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Yes, there's ice on the moon. But it's not the 1st lunar resource we'll use.

An image of the moon's south pole shows illumination over time, with the depths of Shackleton Crater near the center of the frame.
An image of the moon's south pole shows illumination over time, with the depths of Shackleton Crater near the center of the frame.
(Image: © NASA/GSFC/Arizona State University)

Listen to a couple ideas about humanity's future on the moon and you'll likely hear about the game-changing potential of a substance you probably have in your freezer: water ice.

Would-be explorers have high hopes they can harvest ice hidden below the moon's surface, both for astronauts to drink and to make rocket fuels to make round trips cheaper. But the image of robots tearing up the lunar surface and processing frozen water out from other compounds skips a step in considering resources on the moon. Ice will never be the first resource humans use on the moon, experts emphasized at a recent scientific conference.

Instead, it will be sunlight.

"The first and easiest resource that we have there is solar energy," Jake Bleacher, a geologist and chief exploration scientist at NASA headquarters in Washington, said during the Lunar Surface Science Virtual Workshop held digitally on May 28.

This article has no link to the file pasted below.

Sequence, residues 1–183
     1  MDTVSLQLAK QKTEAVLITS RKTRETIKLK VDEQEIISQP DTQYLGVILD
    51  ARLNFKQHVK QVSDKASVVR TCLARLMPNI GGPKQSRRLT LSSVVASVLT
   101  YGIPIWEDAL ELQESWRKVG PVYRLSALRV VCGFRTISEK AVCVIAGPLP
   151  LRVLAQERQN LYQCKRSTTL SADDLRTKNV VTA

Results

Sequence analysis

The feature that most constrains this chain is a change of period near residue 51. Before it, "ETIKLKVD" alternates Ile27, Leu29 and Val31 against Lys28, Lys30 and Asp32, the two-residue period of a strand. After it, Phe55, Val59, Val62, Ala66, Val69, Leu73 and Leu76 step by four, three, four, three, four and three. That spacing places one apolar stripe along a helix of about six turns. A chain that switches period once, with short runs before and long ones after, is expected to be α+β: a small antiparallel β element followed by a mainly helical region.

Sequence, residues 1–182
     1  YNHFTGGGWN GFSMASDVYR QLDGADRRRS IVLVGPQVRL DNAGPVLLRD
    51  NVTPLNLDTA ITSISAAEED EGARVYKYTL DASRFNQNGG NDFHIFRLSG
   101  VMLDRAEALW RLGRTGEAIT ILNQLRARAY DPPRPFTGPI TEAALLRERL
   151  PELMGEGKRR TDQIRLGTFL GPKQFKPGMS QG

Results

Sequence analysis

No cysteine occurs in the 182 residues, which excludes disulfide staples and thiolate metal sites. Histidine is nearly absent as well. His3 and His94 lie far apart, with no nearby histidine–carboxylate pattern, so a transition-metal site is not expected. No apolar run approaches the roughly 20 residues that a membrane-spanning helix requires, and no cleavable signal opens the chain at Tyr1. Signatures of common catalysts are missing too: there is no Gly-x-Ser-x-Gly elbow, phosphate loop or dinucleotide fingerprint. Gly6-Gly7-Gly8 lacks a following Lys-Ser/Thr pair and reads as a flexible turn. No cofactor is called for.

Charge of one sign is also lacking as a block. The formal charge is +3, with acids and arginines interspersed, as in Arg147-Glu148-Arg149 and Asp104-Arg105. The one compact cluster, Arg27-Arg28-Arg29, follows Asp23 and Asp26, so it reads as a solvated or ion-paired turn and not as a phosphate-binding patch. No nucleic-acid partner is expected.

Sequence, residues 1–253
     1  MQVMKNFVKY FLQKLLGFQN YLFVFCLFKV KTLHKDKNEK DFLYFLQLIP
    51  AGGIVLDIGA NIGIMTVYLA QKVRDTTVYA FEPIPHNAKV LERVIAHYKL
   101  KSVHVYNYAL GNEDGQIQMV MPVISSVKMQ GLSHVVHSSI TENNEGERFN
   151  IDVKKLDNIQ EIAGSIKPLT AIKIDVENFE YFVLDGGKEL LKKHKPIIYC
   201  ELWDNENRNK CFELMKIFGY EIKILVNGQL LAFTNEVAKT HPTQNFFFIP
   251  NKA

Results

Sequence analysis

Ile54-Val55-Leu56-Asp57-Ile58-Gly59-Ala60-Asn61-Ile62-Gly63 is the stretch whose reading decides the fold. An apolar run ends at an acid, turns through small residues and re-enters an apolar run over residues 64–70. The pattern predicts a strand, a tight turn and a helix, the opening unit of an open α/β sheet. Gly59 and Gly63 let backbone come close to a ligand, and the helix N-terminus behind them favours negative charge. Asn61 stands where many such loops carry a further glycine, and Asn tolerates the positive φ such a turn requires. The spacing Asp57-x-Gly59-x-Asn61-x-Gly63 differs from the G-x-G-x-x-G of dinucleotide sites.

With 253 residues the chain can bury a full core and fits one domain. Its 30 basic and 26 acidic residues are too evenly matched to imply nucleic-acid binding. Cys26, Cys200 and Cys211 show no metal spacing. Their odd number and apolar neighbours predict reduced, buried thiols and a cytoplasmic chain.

Related: Amazing moon photos from NASA's Lunar Reconnaissance Orbiter

Energy means power, particularly for operating instruments on the lunar surface, as well as for supporting the long-term base on the moon that NASA plans to build as part of the agency's Artemis program, the short-term goal of which is to land humans at the south pole by 2024.

The two resources are direct opposites and both rely on how the moon aligns with the sun. Unlike Earth's, the axis on which the moon rotates is more or less perpendicular to the plane of the solar system, which contains the sun, Earth and moon. It's Earth's axial tilt that gives us seasons, as one hemisphere tilts to receive more sunlight, making incredibly long days at the pole, then much less for a near-constant polar night.

Not so on the moon. There, the daily cycle is constant. At the poles, the lack of tilt means light and dark are governed in large part by terrain, as more elevated locations block sunlight from reaching lower areas.

On the dark side of this divide are permanently shadowed regions, many in the craters that scar the moon's surface, where temperatures are always cold enough that water ice remains frozen. On the light side of the divide are locations sometimes nicknamed the "peaks of eternal light" — and it's here that the first lunar resource harvesters would go, exploration experts say.

"The polar location, which was specified by the [Artemis program mandate from the National] Space Council, is enabling because of the existence of the locations of near-permanent sunlight," Sam Lawrence, a planetary scientist at NASA's Johnson Space Center in Houston, said during his own presentation on the same day. "It is the illumination that's a resource."

Nevertheless, it's the potential for water ice that prompts the most discussion during these meetings and stars in NASA's written visions for how lunar exploration will become sustainable under the Artemis program.

"We heard a lot about the polar volatiles story and, to be sure, it's a good one," Lawrence said. "But it's the illumination that is the resource we're actually going after with the Artemis missions."